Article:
The Leading Edge: January 2022 Wind Energy Newsletter

In this edition, AWAKEN to a new study, trace a researcher's career back to a solar panel in India, and read the latest cost of wind energy review.

News Stories

A New Study AWAKENs a Chance To Save Wind Power Plants Millions

Recently, a team of researchers launched the American WAKE experimeNt (AWAKEN), an international, multi-institutional wind energy field campaign NREL is working on in collaboration with the Pacific Northwest National Laboratory and Sandia National Laboratories to create the world's most comprehensive data set of atmospheric phenomena in and around wind turbines. This study will build on previously designed models and simulations that estimate how winds might move through wind power plants.

To confirm the accuracy of these simulations, from the summer of 2021 through October 2023, the team will gather observational data using sensors, drones, and manned aircraft in and around operational wind plants. Once complete, those data could help developers improve their plants' energy production and profits.

Wind farm losses can result from turbine-to-turbine wake interactions, but the models that predict those have great uncertainties. AWAKEN, funded by the U.S. Department of Energy (DOE) Wind Energy Technologies Office (WETO), could cut that by as much as half, improving wind plant predictions and planning.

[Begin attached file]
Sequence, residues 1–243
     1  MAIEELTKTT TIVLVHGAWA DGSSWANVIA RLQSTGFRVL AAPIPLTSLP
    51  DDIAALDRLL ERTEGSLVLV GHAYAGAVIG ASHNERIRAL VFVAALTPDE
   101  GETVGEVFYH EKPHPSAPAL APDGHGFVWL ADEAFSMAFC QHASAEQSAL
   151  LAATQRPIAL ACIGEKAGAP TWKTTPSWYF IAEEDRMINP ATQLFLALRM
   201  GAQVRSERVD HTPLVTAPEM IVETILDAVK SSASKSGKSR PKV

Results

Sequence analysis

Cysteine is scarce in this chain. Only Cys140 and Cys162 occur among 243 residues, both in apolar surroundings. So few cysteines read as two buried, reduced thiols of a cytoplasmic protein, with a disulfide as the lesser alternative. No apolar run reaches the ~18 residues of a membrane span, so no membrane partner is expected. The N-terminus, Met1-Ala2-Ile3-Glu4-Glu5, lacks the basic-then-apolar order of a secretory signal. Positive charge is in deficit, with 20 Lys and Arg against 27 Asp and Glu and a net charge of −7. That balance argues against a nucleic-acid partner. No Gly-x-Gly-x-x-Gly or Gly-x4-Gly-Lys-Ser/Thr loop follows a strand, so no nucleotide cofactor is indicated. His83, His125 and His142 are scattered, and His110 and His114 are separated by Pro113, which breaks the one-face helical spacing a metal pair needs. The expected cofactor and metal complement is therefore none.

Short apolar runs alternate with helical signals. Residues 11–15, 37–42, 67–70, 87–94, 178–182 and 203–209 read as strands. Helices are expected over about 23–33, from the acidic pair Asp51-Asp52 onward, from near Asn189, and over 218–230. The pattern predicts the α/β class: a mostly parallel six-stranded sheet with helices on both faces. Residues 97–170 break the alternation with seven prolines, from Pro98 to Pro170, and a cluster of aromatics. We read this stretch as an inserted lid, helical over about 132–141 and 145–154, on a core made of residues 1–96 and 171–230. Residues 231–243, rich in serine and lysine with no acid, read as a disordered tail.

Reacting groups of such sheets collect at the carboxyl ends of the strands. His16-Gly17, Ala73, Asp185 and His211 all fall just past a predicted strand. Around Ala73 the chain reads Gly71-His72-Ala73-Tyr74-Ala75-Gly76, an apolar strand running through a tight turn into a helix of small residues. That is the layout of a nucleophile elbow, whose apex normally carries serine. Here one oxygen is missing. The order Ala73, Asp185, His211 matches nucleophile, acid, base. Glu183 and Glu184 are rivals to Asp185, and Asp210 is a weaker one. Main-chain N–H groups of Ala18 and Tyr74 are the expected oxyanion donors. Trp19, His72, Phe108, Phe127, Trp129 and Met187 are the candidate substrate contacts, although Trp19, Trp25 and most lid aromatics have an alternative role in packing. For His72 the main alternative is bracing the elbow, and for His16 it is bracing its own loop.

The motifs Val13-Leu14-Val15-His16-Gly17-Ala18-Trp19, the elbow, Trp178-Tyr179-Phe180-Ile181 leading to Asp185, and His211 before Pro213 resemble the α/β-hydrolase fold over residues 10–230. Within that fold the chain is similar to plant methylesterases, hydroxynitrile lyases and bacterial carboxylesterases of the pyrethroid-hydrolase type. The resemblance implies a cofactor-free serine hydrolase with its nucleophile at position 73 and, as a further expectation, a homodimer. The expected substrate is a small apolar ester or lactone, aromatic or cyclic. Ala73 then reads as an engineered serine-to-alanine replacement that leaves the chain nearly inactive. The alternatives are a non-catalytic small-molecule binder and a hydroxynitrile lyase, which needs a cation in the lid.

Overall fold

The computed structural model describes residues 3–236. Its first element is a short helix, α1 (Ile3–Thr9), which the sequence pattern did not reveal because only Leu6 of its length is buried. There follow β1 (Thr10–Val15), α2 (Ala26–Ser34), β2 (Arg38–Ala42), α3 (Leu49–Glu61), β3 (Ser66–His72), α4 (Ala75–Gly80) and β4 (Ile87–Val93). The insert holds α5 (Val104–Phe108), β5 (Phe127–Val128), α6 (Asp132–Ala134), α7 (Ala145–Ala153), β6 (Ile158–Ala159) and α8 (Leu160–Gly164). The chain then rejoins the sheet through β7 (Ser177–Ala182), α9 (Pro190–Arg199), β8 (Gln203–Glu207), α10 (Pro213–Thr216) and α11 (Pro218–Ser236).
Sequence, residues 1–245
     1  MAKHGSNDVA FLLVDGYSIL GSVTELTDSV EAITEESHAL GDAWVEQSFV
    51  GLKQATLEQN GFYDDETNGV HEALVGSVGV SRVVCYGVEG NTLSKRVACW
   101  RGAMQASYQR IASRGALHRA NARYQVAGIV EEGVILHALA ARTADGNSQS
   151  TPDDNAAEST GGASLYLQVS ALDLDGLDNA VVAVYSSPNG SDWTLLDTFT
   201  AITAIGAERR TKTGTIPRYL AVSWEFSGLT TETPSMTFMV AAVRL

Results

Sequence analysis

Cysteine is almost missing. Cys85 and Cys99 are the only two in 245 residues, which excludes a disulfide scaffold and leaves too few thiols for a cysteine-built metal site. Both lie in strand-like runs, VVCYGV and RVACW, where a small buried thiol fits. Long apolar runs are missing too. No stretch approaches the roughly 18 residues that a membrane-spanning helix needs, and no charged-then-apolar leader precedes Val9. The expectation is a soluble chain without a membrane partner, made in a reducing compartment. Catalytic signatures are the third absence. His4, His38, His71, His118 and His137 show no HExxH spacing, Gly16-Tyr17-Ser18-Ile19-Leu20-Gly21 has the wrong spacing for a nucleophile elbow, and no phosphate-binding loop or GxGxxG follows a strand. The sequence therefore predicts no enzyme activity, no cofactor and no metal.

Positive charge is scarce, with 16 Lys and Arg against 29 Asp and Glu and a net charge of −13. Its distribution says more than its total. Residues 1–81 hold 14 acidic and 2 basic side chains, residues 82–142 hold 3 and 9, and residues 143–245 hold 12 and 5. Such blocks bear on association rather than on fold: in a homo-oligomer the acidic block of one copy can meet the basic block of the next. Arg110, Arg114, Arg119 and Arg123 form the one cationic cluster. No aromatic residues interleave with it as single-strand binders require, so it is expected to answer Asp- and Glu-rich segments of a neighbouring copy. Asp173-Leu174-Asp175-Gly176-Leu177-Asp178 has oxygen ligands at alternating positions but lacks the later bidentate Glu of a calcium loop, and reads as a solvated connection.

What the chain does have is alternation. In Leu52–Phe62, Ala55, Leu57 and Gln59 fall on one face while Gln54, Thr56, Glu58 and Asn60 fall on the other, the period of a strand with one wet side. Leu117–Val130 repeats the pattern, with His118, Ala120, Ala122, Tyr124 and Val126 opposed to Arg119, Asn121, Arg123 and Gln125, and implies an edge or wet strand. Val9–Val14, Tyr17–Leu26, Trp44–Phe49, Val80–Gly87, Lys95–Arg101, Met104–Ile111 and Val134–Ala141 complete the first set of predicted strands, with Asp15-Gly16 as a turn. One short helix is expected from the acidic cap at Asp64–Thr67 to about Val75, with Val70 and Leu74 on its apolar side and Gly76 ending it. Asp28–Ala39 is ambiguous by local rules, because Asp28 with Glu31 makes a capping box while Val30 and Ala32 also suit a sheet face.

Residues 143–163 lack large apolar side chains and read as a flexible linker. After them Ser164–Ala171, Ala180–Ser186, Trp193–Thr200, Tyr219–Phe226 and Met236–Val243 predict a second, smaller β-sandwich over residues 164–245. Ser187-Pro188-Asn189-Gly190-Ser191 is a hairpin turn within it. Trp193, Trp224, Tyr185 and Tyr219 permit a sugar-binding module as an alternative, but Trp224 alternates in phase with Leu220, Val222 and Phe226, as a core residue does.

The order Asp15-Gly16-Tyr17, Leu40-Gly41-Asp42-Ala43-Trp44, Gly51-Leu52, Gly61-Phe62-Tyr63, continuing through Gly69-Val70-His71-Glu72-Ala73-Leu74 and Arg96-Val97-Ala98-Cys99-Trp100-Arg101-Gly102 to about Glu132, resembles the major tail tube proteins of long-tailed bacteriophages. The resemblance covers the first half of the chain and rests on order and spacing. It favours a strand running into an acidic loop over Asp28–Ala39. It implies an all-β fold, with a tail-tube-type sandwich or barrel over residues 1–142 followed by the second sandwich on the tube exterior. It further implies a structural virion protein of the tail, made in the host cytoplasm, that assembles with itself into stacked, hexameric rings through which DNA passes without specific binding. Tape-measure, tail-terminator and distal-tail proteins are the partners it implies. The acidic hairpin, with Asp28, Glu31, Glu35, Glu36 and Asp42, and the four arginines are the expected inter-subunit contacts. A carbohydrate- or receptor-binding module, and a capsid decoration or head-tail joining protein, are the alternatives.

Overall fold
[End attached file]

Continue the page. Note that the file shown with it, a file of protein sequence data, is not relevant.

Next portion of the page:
Wind win!  How air currents move through wind plants is not well understood. That's why the AWAKEN research team is using scanning radars, lasers, and aircraft to map how winds flow between and around wind turbines and provide critical data that could help developers increase their plant's revenues and energy production. Animation by Josh Bauer, NREL
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Understanding the Impact of Wind Conditions on Concentrating Solar Power Structures

NREL and DOE's Solar Energy Technologies Office, along with several partners and stakeholders, have kicked off a new study to measure atmospheric turbulent wind conditions at concentrating solar power structures and understand how wind impacts their load bearing. The team will collaborate with wind energy researchers at NREL and use high-fidelity computational-fluid-dynamic models and instruments that have been developed for on-site wind assessment with funding from WETO.

A box-shaped device next to a row of solar devices in a desert

A measurement campaign at the Nevada Solar One facility gathers data on wind conditions and loads on concentrating solar power structures. Photo by Shashank Yellapantula, NREL

Behind the Blades

Behind the Blades: The Humble Origins of a Renewable Energy Career

Mithu Debnath grew up in a rural village in Bangladesh without electricity. He recalls walking to the home of a couple who lived a few miles away to see with his own eyes a solar panel, which had the capability of powering a single, 30-watt lightbulb. With each step, he contemplated how the cost of that solar panel could be reduced so that his family could afford one.

"I am pleased that renewable energy has come so far," said Debnath, who now helps to decrease the cost of wind energy. "But it needs to go a long way to utilize the resources of remote places to power rural communities and local businesses as a cost-effective solution."